Yesterday, I subbed for Christian Studies again at the local Christian school down here in the Bible Belt (or “GOD’S COUNTRY” as a student once referenced it). I’ve been having a lot of mixed feelings about teaching at a private school because I grew up in one. There have been so many interesting experiences already, but yesterday made me sort out a lot of my own thoughts.
The teacher’s sub plans delineated a journal over Proverbs 15, prayer requests and prayer for the class as a whole, and reading Isaiah 1, 6,7,8, and 9 and journaling about each chapter. I understand that the teacher was trying to keep them working while they had a sub. and I understand why the students were frustrated that they had to do what they deemed “busy work,” but no amount of understanding cleared up their callous attitudes toward God’s Word. They made jokes. They complained repeatedly. They tried to excuse why they hated the class (even telling me how much they hated their regular teacher). They tried to tell me “we don’t do that” when I asked them to explain their answers. So I made them read a chapter of Isaiah and then we went through it together. I really really really grew from understanding the plight of the Israelites when I finally acknowledged my own rebellion at a very dark point in my life and it makes this part of scripture especially dear to me.
We talked about why God was upset, how this behavior was not a new thing for Israelites, and to look for the pattern of God demonstrating His wrath, but never without His mercy, thus demonstrating the dual nature of God (thank you Knowing God by J.I. Packer and EIBC for working on me the summer of 2010). Some of them caught on to how Israel, even though they actually did the things listed in Isaiah, was almost a metaphor for each of our individual relationships with God, and how just as God calls for Israel to repent and He will draw near to them again, so we are given the choice daily to repent or go our own way. We also talked about what true repentance looks like (actions, words, and heart), and for those who had seen someone in their life completely devastated, how that kind of devastation is the attitude we should have toward our sin and our broken relationship with God. Also, I may have said something along the lines of, “if hard times in life haven’t found you yet, keep watching; they will.”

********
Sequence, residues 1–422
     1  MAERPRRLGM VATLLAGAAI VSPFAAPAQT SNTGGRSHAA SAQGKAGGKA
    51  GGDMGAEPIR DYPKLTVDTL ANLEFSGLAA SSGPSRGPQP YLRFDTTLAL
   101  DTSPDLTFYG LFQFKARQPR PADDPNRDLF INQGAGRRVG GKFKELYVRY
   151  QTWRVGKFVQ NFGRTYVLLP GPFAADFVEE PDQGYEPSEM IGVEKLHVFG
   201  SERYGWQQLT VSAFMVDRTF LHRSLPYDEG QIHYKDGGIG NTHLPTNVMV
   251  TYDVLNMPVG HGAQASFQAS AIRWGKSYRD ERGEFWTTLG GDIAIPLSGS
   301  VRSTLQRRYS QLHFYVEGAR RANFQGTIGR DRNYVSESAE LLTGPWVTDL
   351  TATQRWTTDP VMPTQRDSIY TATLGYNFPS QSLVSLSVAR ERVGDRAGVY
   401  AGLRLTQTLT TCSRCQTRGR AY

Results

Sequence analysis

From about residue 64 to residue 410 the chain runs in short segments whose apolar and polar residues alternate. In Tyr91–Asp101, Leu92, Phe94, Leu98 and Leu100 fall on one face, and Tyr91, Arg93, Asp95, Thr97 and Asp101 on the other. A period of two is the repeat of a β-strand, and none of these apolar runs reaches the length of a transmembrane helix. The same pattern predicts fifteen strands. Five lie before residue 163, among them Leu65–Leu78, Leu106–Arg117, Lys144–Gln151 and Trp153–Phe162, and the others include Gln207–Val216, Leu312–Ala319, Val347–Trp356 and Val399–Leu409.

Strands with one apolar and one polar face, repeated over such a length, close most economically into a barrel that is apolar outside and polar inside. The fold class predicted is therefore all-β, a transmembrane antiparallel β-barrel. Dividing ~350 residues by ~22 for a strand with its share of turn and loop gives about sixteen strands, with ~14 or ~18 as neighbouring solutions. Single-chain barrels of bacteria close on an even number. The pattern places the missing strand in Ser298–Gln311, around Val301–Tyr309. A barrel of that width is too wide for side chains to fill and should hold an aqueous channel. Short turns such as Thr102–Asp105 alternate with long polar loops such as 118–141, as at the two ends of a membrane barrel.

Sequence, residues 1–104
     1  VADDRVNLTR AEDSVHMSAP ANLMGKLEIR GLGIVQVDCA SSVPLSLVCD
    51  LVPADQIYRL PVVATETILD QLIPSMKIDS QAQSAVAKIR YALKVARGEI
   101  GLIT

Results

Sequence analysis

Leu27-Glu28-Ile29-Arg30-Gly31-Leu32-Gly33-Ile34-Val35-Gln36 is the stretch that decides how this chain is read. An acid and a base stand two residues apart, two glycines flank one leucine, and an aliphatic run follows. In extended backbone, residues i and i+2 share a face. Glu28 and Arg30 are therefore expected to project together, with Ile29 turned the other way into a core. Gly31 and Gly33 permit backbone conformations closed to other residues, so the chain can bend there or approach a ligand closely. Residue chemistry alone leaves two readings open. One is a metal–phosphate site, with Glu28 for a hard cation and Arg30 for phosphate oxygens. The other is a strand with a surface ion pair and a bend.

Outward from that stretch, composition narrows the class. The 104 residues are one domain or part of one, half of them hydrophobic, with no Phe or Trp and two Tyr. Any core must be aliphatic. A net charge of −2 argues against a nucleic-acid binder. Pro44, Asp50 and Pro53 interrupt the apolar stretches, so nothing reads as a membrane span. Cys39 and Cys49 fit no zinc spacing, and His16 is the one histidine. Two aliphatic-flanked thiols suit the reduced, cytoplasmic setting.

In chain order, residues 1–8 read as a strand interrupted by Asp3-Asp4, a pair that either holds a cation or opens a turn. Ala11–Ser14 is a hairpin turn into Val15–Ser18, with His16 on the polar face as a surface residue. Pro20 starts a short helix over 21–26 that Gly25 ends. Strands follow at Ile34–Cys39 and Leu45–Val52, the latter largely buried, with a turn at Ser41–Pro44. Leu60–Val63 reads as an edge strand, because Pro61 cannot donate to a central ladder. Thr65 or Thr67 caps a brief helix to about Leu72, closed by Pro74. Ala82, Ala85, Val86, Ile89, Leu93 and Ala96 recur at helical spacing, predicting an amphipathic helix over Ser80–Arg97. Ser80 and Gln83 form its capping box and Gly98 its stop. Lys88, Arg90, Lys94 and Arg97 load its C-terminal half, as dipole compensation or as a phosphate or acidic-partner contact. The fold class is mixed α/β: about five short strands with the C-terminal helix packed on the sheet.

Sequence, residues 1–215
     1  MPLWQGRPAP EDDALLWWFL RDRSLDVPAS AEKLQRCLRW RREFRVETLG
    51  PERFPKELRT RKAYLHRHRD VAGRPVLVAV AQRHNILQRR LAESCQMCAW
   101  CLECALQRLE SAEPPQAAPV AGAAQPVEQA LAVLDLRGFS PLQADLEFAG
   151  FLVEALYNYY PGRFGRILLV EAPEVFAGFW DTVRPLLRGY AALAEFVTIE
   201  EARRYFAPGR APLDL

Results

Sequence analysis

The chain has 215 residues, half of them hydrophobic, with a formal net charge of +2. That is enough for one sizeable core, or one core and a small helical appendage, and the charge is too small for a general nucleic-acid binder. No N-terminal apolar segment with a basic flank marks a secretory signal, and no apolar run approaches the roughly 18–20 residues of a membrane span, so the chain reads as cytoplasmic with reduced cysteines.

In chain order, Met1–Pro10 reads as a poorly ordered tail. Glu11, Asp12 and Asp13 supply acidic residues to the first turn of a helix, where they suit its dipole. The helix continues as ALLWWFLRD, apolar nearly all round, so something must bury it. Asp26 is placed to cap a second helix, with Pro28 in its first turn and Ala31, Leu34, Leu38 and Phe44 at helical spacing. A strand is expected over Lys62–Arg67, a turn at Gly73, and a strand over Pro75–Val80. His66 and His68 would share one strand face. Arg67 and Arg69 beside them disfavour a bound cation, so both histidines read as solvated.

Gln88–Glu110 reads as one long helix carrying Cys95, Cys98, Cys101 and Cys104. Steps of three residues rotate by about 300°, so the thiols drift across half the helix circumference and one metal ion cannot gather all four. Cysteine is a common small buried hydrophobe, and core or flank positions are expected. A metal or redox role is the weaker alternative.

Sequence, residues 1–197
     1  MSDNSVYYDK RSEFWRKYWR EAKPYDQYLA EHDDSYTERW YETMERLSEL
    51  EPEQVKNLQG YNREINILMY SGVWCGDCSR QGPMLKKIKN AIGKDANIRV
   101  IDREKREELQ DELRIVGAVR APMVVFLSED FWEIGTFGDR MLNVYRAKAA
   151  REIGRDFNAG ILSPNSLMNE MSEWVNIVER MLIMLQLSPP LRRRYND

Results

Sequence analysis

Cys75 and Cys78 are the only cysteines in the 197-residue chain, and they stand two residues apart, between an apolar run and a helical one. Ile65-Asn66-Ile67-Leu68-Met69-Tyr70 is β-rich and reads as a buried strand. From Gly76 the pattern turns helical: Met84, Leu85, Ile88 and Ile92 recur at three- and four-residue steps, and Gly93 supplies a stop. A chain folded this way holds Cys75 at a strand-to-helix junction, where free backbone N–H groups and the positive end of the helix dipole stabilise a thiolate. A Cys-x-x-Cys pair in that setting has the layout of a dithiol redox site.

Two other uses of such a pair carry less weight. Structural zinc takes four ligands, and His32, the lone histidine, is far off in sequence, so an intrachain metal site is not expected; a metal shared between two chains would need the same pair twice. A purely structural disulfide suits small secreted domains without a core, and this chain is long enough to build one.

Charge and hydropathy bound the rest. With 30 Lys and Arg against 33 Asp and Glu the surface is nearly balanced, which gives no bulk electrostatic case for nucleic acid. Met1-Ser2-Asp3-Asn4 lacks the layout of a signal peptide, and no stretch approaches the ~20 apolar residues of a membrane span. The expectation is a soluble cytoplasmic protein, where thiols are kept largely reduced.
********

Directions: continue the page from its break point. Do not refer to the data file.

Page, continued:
Of course I’d love to tell you that this group of sophomores suddenly became very earnest, repented of their mockery of the pursuit of Christ, and started a revival of the school. However, it didn’t happen. I was equally flattered that one student thought I had a theology degree (don’t worry, I know I’m not qualified to teach this class really) and then disgusted when another student said she’d just ask her mom for money for more school . Yes, that’s about how it went but for the 5 or so students who seemed to stop and think, it was worth it for me.
What I realized about myself through this experience was that I was frustrated with Christian school because students can become so numb to the gospel when immersed in a culture that is well-intentioned but very secluded from the secular world. Some of them often show no respect toward authority, and although I understand a lot of that may be a difference in how teachers approach classroom management, it does not excuse the blatant disregard for the Word of God. Experiencing this made me realize that I wouldn’t mind teaching at a Christian school if I was given the opportunity to push students out of their comfort zones in order to be more prepared for life after Christian school. I love teaching, and I love that sharing the Word brings out my passion for the gospel. If God were to open the door to this school, I think I’d have to take it to at least see what it would be like.
We’ll see, Lord.